Why open access to universities works and should be left alone

Grattan Institute     |    12    August   2013

TNCVER Handshe demand-driven higher education funding system is a bold public policy experiment. Yet at barely 18 months of age its existence is in question.

Encouraged by university leaders, the government is considering re-controlling Commonwealth- supported student numbers.

This re-evaluation is not occurring because the demand-driven system is failing. Rather, it is too successful in its goal of increasing student numbers.

There are 150,000 more Commonwealth-supported student places (CSPs) this year than in 2007.

With expenditure on higher education rising while anticipated tax revenues fell, in April the government announced a $300 million a year cut in university funding. The Higher Education Minister, Kim Carr, has said he is willing to consider budget-neutral trade-offs.

Some university leaders suggest that the $300 million could be saved by reducing student numbers instead.

They want to protect per-student funding for the remaining students, and restore previous funding growth rates for other programs.

To achieve this, 25,000 full-time equivalent (FTE) student places would need to be abolished, given average public funding per Commonwealth- supported student.

It would be very difficult to cut expected growth by 25,000 places without ending the demand-driven system. Some universities could voluntarily reduce enrolments or curb growth, but the students they reject would find other universities willing to take them. In a flexible system, all universities need restrictions to limit total student numbers.

If CSPs were re-capped, the university applicants who miss out would pay the highest individual price. But there are less obvious costs to other students in going back to the old bureaucratic system of allocating student places.

The previous system had no reliable way of adjusting to shifts in student or labour market demand. Without new student places and a proactive minister it just drifted.

The same universities offered much the same number of places in the same courses year after year. The result was that some fields of education, such as science, were chronically over-supplied with student places, while other fields, such as health, were chronically under- supplied.

The applications and offers statistics since enrolment controls, started being eased a few years ago, show that when allowed to do so universities move to align supply and demand. New places were concentrated in areas of demand growth but, since 2009, applicants in almost all fields of education have improved their chances of an offer.

Large numbers of students benefit from a more efficient system of allocating student places.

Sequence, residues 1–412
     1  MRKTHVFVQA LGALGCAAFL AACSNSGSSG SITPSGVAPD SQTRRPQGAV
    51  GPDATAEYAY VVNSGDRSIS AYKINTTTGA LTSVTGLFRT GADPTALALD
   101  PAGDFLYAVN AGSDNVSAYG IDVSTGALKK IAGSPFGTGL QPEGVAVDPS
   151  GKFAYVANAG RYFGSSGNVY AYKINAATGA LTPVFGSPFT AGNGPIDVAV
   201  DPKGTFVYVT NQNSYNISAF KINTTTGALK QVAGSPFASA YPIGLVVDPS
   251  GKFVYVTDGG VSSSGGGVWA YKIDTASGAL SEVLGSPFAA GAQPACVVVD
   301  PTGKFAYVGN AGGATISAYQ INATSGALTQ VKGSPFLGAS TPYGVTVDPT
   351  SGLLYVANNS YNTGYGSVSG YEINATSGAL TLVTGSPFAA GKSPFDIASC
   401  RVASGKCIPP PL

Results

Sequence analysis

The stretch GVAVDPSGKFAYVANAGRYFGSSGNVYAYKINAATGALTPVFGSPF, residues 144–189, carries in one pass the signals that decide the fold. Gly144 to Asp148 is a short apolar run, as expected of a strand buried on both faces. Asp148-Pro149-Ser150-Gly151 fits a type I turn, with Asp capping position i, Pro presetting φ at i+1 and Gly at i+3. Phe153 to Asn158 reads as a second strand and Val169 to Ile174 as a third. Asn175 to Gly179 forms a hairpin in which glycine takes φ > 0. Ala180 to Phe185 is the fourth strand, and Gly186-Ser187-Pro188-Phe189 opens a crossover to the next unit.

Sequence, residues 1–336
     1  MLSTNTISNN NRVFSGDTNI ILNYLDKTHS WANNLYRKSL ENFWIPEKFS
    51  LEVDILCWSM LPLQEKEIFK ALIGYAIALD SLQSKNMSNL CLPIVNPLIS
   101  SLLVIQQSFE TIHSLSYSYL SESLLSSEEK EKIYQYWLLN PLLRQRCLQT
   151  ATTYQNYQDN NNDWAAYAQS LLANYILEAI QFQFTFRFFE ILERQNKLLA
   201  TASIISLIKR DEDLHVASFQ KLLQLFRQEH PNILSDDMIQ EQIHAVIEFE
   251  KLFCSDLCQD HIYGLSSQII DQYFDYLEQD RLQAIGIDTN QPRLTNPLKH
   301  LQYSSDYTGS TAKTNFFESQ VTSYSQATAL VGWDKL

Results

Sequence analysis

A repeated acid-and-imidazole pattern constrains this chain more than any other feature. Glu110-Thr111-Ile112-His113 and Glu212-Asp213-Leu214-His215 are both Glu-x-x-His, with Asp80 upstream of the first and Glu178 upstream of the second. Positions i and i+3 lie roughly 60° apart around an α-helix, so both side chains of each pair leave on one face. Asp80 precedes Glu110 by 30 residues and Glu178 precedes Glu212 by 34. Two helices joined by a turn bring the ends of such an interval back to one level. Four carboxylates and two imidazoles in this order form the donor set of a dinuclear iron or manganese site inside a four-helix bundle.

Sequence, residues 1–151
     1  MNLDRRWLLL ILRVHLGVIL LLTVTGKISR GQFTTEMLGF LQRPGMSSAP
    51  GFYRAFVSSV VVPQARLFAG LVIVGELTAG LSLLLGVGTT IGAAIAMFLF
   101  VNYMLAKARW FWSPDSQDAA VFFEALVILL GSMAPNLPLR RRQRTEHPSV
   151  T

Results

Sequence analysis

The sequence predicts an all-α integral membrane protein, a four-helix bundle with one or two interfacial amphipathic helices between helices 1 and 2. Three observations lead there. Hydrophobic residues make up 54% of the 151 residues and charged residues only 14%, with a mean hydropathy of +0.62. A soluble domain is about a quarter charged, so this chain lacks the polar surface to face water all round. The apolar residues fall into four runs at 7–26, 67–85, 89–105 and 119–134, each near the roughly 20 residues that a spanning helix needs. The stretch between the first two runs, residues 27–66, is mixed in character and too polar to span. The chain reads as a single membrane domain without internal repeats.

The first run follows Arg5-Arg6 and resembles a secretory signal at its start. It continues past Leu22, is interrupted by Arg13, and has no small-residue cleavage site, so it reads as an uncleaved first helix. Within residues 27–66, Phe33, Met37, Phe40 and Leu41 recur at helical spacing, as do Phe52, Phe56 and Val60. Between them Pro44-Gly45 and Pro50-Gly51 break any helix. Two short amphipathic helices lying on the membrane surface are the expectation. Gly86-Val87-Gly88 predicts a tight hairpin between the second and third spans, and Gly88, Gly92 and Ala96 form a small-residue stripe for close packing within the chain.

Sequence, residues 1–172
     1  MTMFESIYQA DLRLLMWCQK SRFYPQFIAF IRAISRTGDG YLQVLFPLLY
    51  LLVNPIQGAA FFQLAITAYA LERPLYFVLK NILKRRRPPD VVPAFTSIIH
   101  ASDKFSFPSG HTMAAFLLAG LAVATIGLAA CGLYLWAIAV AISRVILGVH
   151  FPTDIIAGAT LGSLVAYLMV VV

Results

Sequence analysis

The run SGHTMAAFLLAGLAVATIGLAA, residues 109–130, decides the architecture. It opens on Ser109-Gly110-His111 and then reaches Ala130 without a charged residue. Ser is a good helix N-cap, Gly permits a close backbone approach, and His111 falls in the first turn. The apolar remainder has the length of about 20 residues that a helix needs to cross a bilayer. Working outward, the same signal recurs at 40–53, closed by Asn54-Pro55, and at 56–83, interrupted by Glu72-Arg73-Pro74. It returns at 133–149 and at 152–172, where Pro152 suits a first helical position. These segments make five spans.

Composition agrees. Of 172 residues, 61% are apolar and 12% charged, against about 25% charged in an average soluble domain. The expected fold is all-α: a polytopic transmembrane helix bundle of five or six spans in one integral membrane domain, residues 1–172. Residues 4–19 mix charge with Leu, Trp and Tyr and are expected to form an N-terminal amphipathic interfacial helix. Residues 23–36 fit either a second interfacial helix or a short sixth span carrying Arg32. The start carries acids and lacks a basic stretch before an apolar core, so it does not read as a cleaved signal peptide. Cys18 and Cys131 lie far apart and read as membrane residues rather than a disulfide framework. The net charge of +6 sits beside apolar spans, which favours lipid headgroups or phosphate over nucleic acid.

For some, it is a career-changing opportunity to do the course they most want to do. For others, it saves them spending a year taking another course and then transferring in to their original target degree.

In the past, some employer groups have worried that a demand-driven system would not give enough priority to their needs. But university applications statistics going back 20 years show that labour market opportunities flow through into increased student demand.

The past few years have been no exception. Health and engineering occupations have both experienced labour market shortages, and they are two of the three areas that have seen strong demand growth.

The concern with our particular demand-driven system was that it was introduced without any reform of the pricing system. This creates a danger that universities have no financial incentive to increase supply.

So far at least, this has not been a widespread problem. But we are seeing no supply response to demand in dentistry and veterinary science, probably because their funding rates are too low.

Medicine, which is outside the demand-driven system, has also seen no improvement in offer rates.

Under the old, centrally controlled system, new initiatives for Commonwealth-supported students were difficult.

New student places were hard to get, and few universities wanted to cut existing courses. The stagnation in the domestic Commonwealth- supported market was striking compared to the dynamism in international student markets.

With the caps lifted, new entrepreneurial ventures have started.

This has been particularly true in online education, with Swinburne Online, Curtin Online, and new full- degree courses through Open Universities Australia.

After slow or even negative growth until 2008, this is now a boom area.

In 2012, off-campus domestic undergraduate enrolments grew by 14 per cent, compared to 3 per cent growth for domestic on-campus students.

We need to think about what we would be giving up to save just $300 million. Deals through compacts between universities and government could never produce the positive results we are seeing so soon in the demand-driven system.

Compact negotiations would just be more of the red tape that universities claim to oppose.

This article  by Andrew Norton was published by The Australian Financial Review,  12 August 2013

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